20 July 2016
Have you browsed through the British Library’s Collection of Nineteenth Century Newspapers? Then you have probably searched for a word in an article, only to find that some instances of that word were highlighted, and not others. In the following article, for example, (which comes from the 24th August 1833 edition of the Leeds Mercury), searching for ‘Magistrates’ (without 'fuzzy search') highlights one instance in the second paragraph, but misses the instance in the first paragraph.
That’s because what you see is a picture of the original source, and you (as a human) are able to read it. But the search engine is searching through OCR output – text generated by Optical Character Recognition (OCR) software which tries to guess what characters are represented on an image. The OCR output for the passage above actually looks like this:
COUNTY RATE tvtaN s s fl s Loud complaintst have been madc and we believe jstly of the unequal pressure of the County Rate ripon the differenrt townships and parishes of and it has In consequence been deter inmosl to make a general survey and to establisB a new scale of ment To this the trading and tnanufacturing interests of the Riding do not object tiorgfl tile effect will doubtless be to advance their assessmcnts in coparlison with those of the agricultural parhitras But we confess that it wa with setrprise we heard that any of the Mogistrates in holding their Courts for the assessment of the respective townships had reated them into secret tribunals and that they lad excluded from their sittings thoso wlto are mainly interested in ascertaining the principles which goreen the raluation of propertt and the full and fair develtpmemnt of which can alone rcuider the decislons of their Courts either satisfactory or permaneent The frank and manly example set by tire township of Leeds dorg h0onour to tbe parish officers and we must say wIthout wishling to give offence to those for swhoimt we feel nothing but respect that the line of conduct r sued by ithe Magistrates at Bradford on Btoaday last in excludintgi a parist officer from their Court swhen they knew that he was tire organ of tie towvnship hltich contributes most targely to this impost il the ltole Riding and when lie lasi explained to them in latigniagr srfaitiently courteous anid respectful that lie sotght only rltv crlsis of public jusrice requires a anuch ittore satisfnectory explanation than toas either given on Lhat tccasion or than ee apprehendl con be give n for adopting one of the roost objectionrble characteristics of the Court of the Holy lrquisition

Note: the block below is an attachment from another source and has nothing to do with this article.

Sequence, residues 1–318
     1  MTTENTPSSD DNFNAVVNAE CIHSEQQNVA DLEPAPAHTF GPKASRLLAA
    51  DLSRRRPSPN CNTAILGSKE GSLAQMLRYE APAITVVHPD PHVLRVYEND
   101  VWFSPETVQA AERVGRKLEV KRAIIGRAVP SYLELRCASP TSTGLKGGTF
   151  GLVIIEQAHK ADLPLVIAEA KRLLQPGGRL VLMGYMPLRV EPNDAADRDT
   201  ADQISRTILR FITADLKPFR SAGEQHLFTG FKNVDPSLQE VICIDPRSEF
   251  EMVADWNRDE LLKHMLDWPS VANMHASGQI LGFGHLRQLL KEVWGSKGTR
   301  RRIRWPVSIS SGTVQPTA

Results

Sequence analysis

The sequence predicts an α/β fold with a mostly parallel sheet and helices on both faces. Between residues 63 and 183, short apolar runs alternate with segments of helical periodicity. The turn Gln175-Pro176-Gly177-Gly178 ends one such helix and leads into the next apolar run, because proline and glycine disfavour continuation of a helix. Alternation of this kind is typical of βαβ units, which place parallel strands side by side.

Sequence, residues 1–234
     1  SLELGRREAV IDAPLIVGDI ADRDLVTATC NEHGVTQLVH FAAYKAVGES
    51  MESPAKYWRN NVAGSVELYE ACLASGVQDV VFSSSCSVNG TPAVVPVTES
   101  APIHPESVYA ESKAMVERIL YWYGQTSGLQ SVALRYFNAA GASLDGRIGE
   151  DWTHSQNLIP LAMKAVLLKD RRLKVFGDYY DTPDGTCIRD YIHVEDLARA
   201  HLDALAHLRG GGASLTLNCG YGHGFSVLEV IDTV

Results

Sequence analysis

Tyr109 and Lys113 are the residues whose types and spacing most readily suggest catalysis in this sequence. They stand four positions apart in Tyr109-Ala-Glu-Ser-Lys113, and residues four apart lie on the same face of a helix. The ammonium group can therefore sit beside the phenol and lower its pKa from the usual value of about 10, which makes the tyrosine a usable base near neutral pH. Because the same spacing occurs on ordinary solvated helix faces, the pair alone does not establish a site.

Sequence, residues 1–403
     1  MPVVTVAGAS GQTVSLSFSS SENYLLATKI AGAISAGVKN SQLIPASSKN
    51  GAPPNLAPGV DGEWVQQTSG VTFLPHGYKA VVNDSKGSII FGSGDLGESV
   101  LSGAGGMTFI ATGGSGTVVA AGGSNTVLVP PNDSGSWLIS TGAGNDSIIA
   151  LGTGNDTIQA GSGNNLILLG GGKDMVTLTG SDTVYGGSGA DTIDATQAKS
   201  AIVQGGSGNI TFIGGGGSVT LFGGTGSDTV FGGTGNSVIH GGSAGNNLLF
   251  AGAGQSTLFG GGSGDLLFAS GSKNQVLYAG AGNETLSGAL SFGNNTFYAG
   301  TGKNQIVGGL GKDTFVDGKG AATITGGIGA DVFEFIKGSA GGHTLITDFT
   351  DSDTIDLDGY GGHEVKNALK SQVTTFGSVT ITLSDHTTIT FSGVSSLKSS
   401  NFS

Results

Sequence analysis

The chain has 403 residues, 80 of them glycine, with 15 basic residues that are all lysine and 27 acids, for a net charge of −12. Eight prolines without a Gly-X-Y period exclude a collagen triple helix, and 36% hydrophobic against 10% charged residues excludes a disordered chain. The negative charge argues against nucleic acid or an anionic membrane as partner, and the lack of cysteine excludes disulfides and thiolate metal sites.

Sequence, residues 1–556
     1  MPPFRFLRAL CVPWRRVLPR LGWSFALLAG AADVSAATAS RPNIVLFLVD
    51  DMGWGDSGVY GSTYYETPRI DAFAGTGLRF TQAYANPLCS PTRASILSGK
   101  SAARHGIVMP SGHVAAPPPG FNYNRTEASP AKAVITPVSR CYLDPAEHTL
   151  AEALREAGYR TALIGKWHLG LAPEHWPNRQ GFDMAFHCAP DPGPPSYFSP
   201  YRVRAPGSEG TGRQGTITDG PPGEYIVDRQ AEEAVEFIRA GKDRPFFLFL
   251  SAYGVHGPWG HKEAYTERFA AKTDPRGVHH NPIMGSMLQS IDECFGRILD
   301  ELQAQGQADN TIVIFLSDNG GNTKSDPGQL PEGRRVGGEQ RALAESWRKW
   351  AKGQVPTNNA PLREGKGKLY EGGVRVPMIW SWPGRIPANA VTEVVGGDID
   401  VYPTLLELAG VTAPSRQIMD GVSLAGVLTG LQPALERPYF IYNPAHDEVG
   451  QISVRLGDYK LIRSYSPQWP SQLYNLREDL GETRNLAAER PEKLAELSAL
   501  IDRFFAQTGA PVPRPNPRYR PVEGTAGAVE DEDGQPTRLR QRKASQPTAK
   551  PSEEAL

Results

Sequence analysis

You can read a lot of it, but there are errors, including the first occurrence of ‘Magistrates’ which is spelt ‘Mogistrates’.
Guessing what characters are in an image is not an easy task for computers, especially when the images are of historical newspapers which can be in varying states of conservation, and often contain complex layouts with columns, illustrations and different font types and sizes all on the same page.
So, how much of a problem is this, and can the errors be corrected?
This is what I have been investigating for my PhD project, as part of the Spatial Humanities project and in association with the Centre for Corpus Approaches to the Social Sciences.
In a nutshell: it’s not very easy to correct OCR errors automatically because errors can be very dissimilar to their correct form – in the example above, for example, the phrase ‘language sufficiently courteous’ has become ‘latigniagr srfaitiently courteous’ in the OCR output. Normalization software (like spell-checkers) often assume that the errors and their corrections will have many letters in common (as if they were playing a game of anagrams), but this assumption is often incorrect, as in the example above. So how can OCR errors be corrected? One state-of-the-art commercial software package I tested, Overproof, uses a technique the designers call ‘reverse OCR’: basically, they compare images of correct words to the image of the source! A simple-sounding idea which turns out to work well; you can read more about it in 'Correcting noisy OCR: context beats confusion' (login may be required).
And how much of a problem are the errors? Well, it depends what you are using the texts for. Leaving aside the question of using search engines, and its 'traps for the unwary', if you are interested in analysing patterns of discourses in texts, the main problem you will face is that the errors are not distributed evenly throughout the texts. This makes it difficult to predict how the errors might affect the retrieval of a particular word/phrase you are interested in. But if you follow some common-sense advice, you can stay on safe ground:
- Don’t over-interpret absences. (In OCR’ed texts, something which is missing may simply be something which is irretrievable because it is affected by OCR errors.)
- Focus on patterns for which you can find many different examples: ‘real-word errors’ (errors which happen to coincide with a word which actually exists, such as ‘Prussia’ which becomes ‘Russia’ when the OCR misses out the ‘P’) do exist, but they do not normally occur very often. Keep an eye out for them, but if you form a hypothesis on the basis of many examples, you are on safe ground!
In conclusion, digitized historical texts may suffer from OCR errors. It is important to be aware of the issue, but do not let this hold you back from using such sources in your research – following some simple rules of thumb (such as not placing too much emphasis on absences and focussing on patterns for which there are many different examples) can keep you on safe ground.